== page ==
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16 September 2020
By Dylan De Jong
Mental health education and awareness will be key to a newly formed Edenhope-based group’s effort to grapple with a growing number of suicides.
Community leaders and residents will help form mental health support group ‘LifeForce Edenhope’ – a branch of an Australia-wide suicide prevention network.
Edenhope and District Memorial Hospital social worker and program co-ordinator Robyn Lyons is working with a community-based steering committee to focus on suicide education and teaching basic engagement and intervention skills.
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Ms Lyons said the group would also serve as an access point for people seeking support.
“Edenhope is an area that has been identified as a high risk for suicide,” she said.
“What we’re aiming to do is let people know there are places to go if you need help.
“Our ultimate goal is to have people who can answer phones as part of a referral process, similar to an outreach program.”
Ms Lyons said a key objective of LifeForce was to reduce stigmas that existed around mental health and suicide in rural communities.
“The community is pivotal in breaking down that stigma around suicide and mental health,” she said.
“We want to upskill the community, be aware of the stigmas and let people know they can talk to their mates about it.
“There are services in every town, even though some communities out in the Wimmera are really small, people need to know there are resources available.”
In regional and rural Victoria, the suicide rate is 40 percent higher than in metropolitan areas.
That rate, especially outside of the cities, is climbing, despite national mental-health reforms and state-level framework to improve mental- health outcomes.
Suicide rates for males and females differ considerably, with males consistently comprising about three-quarters of suicide deaths.
Of a reported 3046 suicide deaths, 2320 were male and 726 female.
Ms Lyons said improving men’s mental health would be another key objective for the group.
She said from her experience in social work, men were more likely to bottle up their feelings.
“There’s a male population that might have the mindset of ‘we don’t talk about our problems’, or the farmer that just ‘gets on with life’ and if they’re having problems, they don’t talk about it,” she said.
“Young fathers and other younger demographic are another key focus.”
Ms Lyons said she was keen to provide a greater level of education around the appropriate language to use when talking about mental health.
“For people who have lost a family member through suicide, we will aim to teach others how to speak to that in a respectful way, so they are not triggering people or using terminology that is really offensive,” she said.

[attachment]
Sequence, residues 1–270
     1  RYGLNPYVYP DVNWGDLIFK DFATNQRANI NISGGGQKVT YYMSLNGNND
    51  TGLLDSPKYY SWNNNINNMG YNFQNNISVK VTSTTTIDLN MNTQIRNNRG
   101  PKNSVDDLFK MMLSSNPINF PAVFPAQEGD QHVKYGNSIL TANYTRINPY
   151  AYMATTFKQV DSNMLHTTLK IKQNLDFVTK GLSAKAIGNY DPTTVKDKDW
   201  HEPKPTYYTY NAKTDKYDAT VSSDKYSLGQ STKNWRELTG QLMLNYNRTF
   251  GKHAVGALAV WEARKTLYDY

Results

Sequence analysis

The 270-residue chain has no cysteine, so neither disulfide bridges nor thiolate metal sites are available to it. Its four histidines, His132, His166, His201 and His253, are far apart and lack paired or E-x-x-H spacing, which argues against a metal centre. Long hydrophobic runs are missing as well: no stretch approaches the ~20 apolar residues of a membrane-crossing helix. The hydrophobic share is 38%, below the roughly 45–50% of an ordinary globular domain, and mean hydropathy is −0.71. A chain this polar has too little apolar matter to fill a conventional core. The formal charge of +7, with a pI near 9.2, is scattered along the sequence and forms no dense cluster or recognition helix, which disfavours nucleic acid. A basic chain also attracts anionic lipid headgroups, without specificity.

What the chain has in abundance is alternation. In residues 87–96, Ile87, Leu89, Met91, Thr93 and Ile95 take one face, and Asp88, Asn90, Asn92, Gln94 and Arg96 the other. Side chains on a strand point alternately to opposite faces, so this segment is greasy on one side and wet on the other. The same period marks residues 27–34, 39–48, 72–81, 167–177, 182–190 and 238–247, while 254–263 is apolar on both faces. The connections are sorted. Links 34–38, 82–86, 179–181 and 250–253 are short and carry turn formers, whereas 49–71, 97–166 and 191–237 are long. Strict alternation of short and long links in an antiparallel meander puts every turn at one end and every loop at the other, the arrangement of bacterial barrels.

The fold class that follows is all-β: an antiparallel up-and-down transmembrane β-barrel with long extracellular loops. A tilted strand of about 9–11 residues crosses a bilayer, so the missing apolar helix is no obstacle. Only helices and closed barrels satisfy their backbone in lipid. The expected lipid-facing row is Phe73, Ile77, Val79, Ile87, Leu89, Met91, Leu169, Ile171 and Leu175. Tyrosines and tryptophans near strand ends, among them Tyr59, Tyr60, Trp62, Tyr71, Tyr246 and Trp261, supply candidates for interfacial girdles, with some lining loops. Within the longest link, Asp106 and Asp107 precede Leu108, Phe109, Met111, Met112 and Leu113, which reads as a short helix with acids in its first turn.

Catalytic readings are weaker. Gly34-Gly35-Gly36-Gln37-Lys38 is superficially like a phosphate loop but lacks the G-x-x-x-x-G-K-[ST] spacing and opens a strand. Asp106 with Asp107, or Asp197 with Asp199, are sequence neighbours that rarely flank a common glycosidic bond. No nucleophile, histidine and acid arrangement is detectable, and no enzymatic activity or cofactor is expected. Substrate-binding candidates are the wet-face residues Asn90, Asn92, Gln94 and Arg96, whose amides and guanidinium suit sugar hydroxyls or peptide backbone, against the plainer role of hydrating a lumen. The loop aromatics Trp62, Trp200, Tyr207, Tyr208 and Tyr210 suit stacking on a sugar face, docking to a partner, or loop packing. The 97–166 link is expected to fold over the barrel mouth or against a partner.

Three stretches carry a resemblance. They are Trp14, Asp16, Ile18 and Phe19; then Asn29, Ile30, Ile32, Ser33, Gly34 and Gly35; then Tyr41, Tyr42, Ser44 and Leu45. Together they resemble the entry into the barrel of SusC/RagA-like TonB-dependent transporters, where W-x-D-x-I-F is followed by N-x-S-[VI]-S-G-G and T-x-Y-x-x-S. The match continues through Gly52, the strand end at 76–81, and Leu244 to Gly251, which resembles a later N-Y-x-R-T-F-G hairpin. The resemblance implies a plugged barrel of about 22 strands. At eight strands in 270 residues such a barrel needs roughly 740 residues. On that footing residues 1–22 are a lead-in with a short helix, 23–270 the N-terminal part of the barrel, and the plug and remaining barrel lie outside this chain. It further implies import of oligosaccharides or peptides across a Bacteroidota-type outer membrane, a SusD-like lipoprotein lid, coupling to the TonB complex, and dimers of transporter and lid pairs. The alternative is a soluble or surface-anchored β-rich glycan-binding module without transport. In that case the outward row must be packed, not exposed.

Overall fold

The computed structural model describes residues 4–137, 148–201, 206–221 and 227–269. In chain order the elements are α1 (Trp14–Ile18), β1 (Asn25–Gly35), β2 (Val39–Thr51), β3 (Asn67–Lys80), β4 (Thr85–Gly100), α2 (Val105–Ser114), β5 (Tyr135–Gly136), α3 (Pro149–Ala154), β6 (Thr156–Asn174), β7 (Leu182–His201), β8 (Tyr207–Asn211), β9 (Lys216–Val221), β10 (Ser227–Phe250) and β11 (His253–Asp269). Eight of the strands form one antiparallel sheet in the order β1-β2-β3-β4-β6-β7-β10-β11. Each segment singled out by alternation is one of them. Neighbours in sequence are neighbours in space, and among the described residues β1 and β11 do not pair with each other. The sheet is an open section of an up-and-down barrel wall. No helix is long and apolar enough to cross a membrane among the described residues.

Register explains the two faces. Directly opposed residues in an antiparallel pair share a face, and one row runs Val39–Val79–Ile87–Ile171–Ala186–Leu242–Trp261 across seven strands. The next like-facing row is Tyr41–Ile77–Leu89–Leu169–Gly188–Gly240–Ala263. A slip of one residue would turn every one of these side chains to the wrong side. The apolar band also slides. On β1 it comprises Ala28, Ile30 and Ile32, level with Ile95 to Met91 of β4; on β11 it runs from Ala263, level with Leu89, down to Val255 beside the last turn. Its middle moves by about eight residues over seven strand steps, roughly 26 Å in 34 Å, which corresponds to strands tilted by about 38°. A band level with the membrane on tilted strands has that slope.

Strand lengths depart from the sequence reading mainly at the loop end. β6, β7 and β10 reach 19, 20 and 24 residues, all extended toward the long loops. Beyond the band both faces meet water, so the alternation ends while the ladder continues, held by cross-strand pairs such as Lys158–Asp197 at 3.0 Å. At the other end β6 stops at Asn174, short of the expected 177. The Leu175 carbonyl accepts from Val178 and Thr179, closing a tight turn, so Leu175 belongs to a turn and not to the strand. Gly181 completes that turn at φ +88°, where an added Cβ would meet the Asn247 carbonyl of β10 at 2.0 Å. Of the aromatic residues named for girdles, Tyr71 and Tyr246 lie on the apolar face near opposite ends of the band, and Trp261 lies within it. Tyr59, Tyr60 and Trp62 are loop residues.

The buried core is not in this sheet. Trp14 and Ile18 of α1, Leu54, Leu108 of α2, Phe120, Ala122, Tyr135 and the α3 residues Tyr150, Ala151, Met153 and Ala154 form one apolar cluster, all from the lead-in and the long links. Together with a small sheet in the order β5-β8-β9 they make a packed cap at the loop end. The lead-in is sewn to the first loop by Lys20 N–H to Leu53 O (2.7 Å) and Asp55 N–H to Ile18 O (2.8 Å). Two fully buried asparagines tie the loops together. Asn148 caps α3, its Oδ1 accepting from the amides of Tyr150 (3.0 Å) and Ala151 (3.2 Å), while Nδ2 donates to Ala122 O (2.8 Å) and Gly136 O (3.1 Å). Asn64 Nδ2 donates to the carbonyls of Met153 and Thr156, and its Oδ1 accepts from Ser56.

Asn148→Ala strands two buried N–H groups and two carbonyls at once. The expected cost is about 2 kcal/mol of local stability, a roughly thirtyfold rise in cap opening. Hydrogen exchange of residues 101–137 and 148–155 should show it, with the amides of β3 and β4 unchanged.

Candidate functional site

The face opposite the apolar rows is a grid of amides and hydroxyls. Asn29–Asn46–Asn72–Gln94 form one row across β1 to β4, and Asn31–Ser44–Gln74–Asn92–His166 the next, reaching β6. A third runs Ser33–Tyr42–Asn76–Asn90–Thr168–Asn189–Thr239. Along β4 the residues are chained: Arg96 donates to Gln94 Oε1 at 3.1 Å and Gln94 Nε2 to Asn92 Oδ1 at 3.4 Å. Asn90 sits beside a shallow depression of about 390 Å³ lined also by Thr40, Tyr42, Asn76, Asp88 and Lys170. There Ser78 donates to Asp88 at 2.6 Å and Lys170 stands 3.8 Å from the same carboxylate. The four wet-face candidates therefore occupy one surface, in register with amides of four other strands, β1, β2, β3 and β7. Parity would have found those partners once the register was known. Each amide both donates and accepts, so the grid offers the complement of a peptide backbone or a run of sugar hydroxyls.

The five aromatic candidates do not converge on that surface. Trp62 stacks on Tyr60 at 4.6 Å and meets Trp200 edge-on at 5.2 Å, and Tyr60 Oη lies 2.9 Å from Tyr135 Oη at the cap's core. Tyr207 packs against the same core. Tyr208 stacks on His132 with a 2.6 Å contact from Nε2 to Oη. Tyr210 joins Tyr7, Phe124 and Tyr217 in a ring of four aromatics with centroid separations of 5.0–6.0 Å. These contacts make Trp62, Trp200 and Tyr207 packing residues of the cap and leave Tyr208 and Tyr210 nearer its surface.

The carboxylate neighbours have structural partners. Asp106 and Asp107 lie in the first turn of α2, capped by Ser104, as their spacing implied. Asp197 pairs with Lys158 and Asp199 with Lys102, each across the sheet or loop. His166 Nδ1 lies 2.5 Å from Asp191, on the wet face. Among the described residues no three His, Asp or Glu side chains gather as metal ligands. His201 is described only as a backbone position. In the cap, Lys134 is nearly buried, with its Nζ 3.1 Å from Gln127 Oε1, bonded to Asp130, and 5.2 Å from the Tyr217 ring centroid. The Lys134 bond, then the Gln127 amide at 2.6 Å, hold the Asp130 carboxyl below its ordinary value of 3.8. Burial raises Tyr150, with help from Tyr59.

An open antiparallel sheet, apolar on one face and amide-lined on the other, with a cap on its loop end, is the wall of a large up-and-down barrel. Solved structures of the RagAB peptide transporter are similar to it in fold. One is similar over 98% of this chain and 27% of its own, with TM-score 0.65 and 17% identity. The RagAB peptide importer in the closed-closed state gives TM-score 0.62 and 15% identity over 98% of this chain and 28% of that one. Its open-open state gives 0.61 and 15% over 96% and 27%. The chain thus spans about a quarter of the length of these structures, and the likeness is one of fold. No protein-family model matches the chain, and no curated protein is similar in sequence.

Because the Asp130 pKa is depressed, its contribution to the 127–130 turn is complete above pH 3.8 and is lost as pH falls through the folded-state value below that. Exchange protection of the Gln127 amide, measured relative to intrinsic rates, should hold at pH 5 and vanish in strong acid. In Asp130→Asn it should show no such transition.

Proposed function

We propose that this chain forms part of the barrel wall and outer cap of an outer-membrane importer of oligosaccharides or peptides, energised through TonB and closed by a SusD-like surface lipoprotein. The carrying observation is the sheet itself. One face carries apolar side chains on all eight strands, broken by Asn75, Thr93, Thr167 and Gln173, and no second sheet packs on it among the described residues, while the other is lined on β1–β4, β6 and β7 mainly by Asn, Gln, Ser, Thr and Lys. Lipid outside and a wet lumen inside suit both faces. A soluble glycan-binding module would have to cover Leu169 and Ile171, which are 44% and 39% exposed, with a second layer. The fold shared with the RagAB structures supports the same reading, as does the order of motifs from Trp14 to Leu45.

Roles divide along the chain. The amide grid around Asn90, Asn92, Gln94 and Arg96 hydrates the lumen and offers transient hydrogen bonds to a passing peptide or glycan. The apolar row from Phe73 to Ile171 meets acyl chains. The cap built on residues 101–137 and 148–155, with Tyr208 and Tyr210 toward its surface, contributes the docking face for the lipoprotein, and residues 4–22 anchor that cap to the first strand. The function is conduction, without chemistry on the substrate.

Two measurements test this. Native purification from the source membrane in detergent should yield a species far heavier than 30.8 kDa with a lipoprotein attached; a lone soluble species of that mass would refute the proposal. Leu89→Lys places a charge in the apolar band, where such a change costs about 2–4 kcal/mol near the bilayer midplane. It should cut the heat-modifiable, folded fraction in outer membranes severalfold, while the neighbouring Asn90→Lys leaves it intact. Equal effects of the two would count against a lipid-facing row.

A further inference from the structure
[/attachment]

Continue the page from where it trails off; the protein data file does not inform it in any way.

Ms Lyons said part of that education was to teach people how to identify when someone was struggling with their mental health.
“Early intervention is vital, just talking to each other and paying attention to the signs,” she said.
“If someone is withdrawing, we can try to investigate and find out what’s going on – if someone’s behaviour changes, you can look for critical points in their life. Is there something that’s causing them distress?
“A lot of the time you don’t even know, because people are so secretive about how they’re feeling.”
The group plans to run youth programs out of newly redeveloped Edenhope and District Community Centre.
Ms Lyons said the programs would aim to ensure youth were aware of how to access mental health services across Edenhope and district.
“We need youth driven programs in Edenhope – there’s not a lot for youth to do in the community,” she said.
“We hope we can find a way to connect with each other in ways that are non-judgemental and letting young people know there’s people they can trust if they need to talk to somebody.”
Ms Lyons said additional mental health and suicide prevention resources across Edenhope would be crucial while Victoria emerged from second-wave COVID-19 restrictions.
“The impacts of what’s happening now with coronavirus is going to be seen for many years to come,” she said.
“The government support initiatives have been really helpful, but once they start to drop off, we will start to see people struggle in their financial situation and ability to support themselves.”
• If you or someone you know needs help, call Lifeline on 13 11 14, MensLine on 1300 789 978, Beyond Blue on 1300 224 636 or Suicide Call Back Service on 1300 651 251. In an emergency, call triple zero.
The entire September 16, 2020 edition of The Weekly Advertiser is available online. READ IT HERE!